When there is violence in our neighbourhoods, we are shocked. We are appalled. We are frightened and perhaps outraged.
When violence comes into our own lives and touches us or someone we love, we recognise it as something enormous and horrible. We have a wrenching visceral response, and we know then all too well what it means for a life too be lost or destroyed.
When I think of something like this happening to someone in my family or even in this congregation, it is almost too horrible to consider. I push it out of my mind's eye. I touch wood and say "kine-ahora" a Yiddish word that my mother and grandmothers said to ward off the evil that can be invited by even entertaining such a thought.
Such evil - such horror - goes on every day in our world. We've been reminded of it once again as frightening news pours in from Ukraine, where thinly disguised Russian forces have all but invaded Ukraine's Crimean peninsula in the wake of mass protests that successfully removed that country's dictatorial pro-Russian ruler.
The headlines are depressingly familiar. We've heard so much of it before. Demonstrations lead to possibility and freedom, leads to repression, leads to killing.
The pronouncements and rationales have frightening echos of the past "We're acting only to protect our own" whether the claim of "our own" refers to ethnic Russians, ethnic Germans, Britons, and on and on.
The fog builds. Words are used to disguise motivations and everything and everyone is mistrusted. All sides but our own, if we have a stake in the conflict, are assumed to be hiding their true intentions, which inevitably relate to power, economics, and territory.
World leaders line up on one side or the other. Threats are made. Weapons of war are readied. Diplomatic and economic weapons are deployed.
Conflict is a game played by the powerful and its victims are the powerless. Howard Zinn, the US historian whose work unsentimentally revealed the ugliness behind the lofty rationalisations behind his country's actions insisted that violence is never the right choice. His words:
"We need to decide that we will not go to war whatever reason is conjured up by the politicians or the media, because war in our time is always indiscriminate, a war against innocents, a war against children"
And as geopolitical chess is played, with the scores tallied in political power, economic might, national prestige, personal wealth, and the all-important votes, the people in the cross-hairs are the ones who suffer - the pawns in the games being played by leaders far from danger.
Violence solves nothing. As economist and physicist David Friedman so accurately put it:
"The direct use of force is such a poor solution to any problem, it is generally employed only by small children and large nations."
The guns are pointed in Ukraine. Violence is mounting in Venezuela. And these are only the newest of the conflicts. Last year's struggles settle into a less visible, less newsworth, pattern of violence. The older ones continue unabated further and further from the interest of the world's media.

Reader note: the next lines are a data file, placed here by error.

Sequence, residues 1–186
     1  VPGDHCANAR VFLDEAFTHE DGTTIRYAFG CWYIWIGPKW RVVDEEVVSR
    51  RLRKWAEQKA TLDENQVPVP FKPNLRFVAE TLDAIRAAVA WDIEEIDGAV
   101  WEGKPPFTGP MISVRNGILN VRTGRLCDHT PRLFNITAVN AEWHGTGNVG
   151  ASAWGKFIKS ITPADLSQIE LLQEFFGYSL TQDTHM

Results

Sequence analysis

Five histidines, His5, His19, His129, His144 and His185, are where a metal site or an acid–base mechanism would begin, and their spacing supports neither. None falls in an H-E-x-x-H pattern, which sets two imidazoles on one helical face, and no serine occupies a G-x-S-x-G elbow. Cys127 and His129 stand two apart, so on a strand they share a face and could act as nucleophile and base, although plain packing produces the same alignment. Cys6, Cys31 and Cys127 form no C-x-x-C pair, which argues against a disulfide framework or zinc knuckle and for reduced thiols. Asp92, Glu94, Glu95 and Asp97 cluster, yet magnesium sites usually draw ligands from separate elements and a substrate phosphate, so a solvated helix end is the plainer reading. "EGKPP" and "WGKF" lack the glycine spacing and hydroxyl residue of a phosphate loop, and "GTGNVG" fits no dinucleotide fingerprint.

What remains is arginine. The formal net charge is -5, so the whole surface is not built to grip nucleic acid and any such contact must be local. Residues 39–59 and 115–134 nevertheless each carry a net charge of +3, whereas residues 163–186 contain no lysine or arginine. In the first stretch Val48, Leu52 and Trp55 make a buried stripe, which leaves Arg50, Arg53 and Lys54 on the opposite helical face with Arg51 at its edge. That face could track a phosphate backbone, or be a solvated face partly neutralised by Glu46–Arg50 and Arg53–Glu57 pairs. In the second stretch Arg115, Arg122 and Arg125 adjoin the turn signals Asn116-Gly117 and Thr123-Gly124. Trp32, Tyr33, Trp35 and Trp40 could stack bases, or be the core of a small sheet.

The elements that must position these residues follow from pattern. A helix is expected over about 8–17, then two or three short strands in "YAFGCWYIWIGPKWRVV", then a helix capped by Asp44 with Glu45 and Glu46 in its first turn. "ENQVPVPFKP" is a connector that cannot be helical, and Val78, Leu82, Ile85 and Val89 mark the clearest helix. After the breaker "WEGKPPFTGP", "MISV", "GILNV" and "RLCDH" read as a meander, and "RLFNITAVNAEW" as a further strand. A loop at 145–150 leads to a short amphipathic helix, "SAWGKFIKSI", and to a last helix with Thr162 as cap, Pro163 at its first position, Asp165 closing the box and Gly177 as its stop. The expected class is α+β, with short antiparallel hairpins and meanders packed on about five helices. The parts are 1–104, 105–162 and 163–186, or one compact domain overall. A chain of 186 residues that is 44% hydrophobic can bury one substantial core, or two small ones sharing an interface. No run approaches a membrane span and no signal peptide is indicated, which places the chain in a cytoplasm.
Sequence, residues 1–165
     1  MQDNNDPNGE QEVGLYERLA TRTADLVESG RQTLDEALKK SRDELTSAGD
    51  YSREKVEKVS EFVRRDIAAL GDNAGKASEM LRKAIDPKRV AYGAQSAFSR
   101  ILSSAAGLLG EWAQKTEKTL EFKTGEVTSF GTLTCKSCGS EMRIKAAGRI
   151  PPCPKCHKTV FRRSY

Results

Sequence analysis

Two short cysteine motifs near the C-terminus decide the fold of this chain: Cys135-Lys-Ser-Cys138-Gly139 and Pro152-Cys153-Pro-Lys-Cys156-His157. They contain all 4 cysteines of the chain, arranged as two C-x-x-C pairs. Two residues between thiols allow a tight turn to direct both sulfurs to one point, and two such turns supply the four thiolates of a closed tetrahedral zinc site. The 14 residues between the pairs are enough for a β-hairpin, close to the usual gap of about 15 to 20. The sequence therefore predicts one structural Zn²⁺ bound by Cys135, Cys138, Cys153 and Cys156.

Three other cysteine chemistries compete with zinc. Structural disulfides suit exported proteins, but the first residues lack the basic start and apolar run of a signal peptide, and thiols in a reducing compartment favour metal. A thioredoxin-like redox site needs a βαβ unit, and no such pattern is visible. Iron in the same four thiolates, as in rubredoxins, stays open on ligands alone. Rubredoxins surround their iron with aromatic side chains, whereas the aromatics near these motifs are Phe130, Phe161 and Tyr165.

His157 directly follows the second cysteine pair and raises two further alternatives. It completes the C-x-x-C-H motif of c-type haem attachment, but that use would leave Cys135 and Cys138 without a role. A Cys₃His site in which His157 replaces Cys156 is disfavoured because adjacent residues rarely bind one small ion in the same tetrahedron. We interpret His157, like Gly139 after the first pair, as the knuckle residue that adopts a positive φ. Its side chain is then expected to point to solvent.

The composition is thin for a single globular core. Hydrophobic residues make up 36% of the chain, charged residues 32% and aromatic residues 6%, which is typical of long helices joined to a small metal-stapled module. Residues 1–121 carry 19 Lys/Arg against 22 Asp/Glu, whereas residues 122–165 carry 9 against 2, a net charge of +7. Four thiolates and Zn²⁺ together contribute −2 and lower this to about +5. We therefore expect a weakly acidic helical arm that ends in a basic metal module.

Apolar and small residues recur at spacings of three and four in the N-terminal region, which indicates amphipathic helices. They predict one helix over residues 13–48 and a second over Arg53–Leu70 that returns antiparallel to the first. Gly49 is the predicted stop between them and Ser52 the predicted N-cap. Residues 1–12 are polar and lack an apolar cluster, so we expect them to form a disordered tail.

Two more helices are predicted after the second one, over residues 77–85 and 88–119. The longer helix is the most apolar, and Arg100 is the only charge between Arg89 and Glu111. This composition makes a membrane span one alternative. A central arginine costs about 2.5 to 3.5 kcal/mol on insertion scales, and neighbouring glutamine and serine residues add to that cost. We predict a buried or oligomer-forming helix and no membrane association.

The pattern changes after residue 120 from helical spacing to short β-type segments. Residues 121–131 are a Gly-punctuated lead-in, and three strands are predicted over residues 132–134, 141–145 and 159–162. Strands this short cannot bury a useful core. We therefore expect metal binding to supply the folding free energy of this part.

The stand-off and suffering continues between Israelis and Palestinian. The river of blood in Syria flows on unabated. The conflict in South Sudan has already taken more than 10,000 lives. In the Central African Republic, some 2,000 people have been killed in the past two years. In Iraq, more than 15,000 have been killed in violence since the US withdrew. Mexico's drug war has killed more than 100 thousand. The conflict in North-West Pakistan has left some 50 thousand dead. Nigeria: 10,000. Somalia: a half million dead. Afghanistan: 2 million.
Lost lives and terrible suffering on this scale becomes numbers. We forget that each single person of those millions killed and many millions more whose lives are destroyed are like us and our loved ones. Their lives are as valuable as ours. Their pain is as real as ours. Their hopes and dreams are as important as ours - and violence rips that all away.
We forget - or force ourselves to forget - these everyday horrors as we go about our lives annoyed that a shop is closed when we need something, that there is a long queue in the Post Office, that a bus is on diversion, or we have to wait for an appointment at our doctor's surgery. We forget the world's great suffering as we deal with the very real employment, health, safety, and economic challenges in our own lives.
And not so far from us, other human beings are losing everything in what seems to us almost unimaginable suffering.
Mother Teresa, amidst appalling poverty and suffering in the slums of Calcutta put her finger on the truth behind all this suffering:
“If we have no peace, it is because we have forgotten that we belong to each other.”
We have and we do.
Today, let us wake up to suffering and to the fact that the powerful continue to use the lives of the powerless to further their own agendas.
Today, let us wake up the the oneness of humanity.
Today, let us wake up to the fact that humankind has not yet ceased to sacrifice the lives of our brothers and sisters around the world.
Today, let us rekindle the dream of peace.